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  How Much Abuse Will You Take from Microsoft?
Time: 14:07 EST/19:07 GMT | News Source: eWeek | Posted By: Andre Da Costa

Seriously, how many times must users and businesses be kicked in the face before they buy a clue? Before they realize that they don't have to stay in the abusive Microsoft relationship? The answer seems to be: an unlimited number of times. Take, for example, Internet Explorer. In the latest bad news, the newest zero-day flaw in the Internet Explorer implementation of the Vector Markup Language has opened up a gaping wound in Windows. Through that wound, every kind of garbage imaginable—bots, Trojan down-loaders, spyware, rootkits—are pouring into Windows systems.

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#1 By oldog (620 Posts) at 9/21/2006 2:43:52 PM

As Bugs would say “What a maroon.”

#2 By Latch (3610 Posts) at 9/21/2006 2:54:35 PM
#1: What, in particular, earned that 'maroon' comment? Or this yet another ActiveWin case of "Blame the Messenger"?

#3 By mooresa56 (2866 Posts) at 9/21/2006 3:11:21 PM
latch, isn't about time for your nap?

ps... activewin. I realize you get more clicks for these kinds of stories, but really... could you be any more obvious with your veiled attempts? its an opinion piece (self-labeled) in the linux area of eweek. c'mon.

This post was edited by mooresa56 on Thursday, September 21, 2006 at 15:14.

#4 By Latch (3610 Posts) at 9/21/2006 3:58:34 PM
#3: This is an interesting study in contrast. When MS publishes yet another bogus study, various Linux people easily rip it to shreds with logic, facts and references cited. When someone publishes a negative MS story, all the MS bots can do is insult the author or complain about the source. I wonder why?

#5 By chrishedlund (834 Posts) at 9/21/2006 5:14:11 PM
This comment has been removed due to a violation of the Active Network Terms of Use.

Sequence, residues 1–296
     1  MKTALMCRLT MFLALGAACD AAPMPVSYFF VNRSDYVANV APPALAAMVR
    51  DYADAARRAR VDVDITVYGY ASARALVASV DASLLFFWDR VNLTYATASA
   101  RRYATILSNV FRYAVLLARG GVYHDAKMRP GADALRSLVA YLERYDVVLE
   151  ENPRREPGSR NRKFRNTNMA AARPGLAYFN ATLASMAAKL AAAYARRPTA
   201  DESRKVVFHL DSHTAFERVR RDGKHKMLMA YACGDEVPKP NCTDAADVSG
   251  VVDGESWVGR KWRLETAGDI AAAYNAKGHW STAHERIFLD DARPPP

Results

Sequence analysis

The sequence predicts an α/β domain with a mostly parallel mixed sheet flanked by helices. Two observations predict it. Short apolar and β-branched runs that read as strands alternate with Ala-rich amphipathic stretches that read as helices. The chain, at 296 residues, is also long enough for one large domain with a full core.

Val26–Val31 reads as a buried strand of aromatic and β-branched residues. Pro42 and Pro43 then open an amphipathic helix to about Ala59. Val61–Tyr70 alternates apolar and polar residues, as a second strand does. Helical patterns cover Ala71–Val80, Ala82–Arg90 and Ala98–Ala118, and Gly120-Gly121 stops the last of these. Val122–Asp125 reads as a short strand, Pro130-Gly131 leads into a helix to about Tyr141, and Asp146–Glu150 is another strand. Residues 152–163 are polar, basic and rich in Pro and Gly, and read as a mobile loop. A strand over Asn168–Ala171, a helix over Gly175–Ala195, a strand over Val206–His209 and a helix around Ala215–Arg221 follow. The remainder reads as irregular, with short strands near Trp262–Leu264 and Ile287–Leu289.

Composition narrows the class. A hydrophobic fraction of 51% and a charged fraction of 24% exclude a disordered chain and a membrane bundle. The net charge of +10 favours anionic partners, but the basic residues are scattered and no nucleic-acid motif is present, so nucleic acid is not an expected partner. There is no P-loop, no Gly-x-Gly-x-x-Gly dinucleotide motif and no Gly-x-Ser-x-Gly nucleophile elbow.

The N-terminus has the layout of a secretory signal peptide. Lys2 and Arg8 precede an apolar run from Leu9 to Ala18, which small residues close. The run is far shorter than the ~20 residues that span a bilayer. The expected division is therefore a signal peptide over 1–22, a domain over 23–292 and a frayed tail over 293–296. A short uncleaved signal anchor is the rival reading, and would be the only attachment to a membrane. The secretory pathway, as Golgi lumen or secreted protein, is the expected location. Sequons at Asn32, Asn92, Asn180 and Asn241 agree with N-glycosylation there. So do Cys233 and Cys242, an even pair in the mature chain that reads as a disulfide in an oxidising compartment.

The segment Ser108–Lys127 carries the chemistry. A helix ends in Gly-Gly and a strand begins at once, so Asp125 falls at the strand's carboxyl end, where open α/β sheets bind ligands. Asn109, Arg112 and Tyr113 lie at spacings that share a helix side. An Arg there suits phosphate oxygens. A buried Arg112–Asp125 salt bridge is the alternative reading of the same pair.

#6 By mooresa56 (2866 Posts) at 9/21/2006 6:06:31 PM
speaking of abusive, it appears apple is releasing security fixes every week now.

Another 3 holes...
http://news.com.com/2100-1002_3-6118245.html?part=rss&tag=6118245&subj=news

on top of the SEVEN from last week

on top of the ?109? in osX 10.4.whocares.3

#7 By NotParker (1510 Posts) at 9/21/2006 6:55:09 PM
Only a moron would recommend the insecure piece of cr*p known as Firefox. 100's of security holes so far this year. 64 acknowledged patches. Each one patching 1 or more serious compromise your system vulnerabilities.

As for Linux, over 100 serious security holes in the 2.6 kernel. How long will OSS fanatics take that kind of abuse!!!!

The .4% of the market using Linux must be idiots!!!

#8 By NotParker (1510 Posts) at 9/21/2006 7:00:18 PM
As for "You Can't Do Anything About It", thats not true.

1) Keep anti-virus up to date.

2) Avoid Russian porn sites.

3) Run IE with less privledges.

For example, go to the sysinternals website and download psexec to c:\sysinternals

Create a cmd file with the following line in it:

C:\Sysinternals\psexec -l -d "c:\program files\internet explorer\iexplore.exe"

Use that cmd file or a shortcut to run IE.

http://www.sysinternals.com/blog/2006/03/running-as-limited-user-easy-way.html

You can run Outlook that way as well.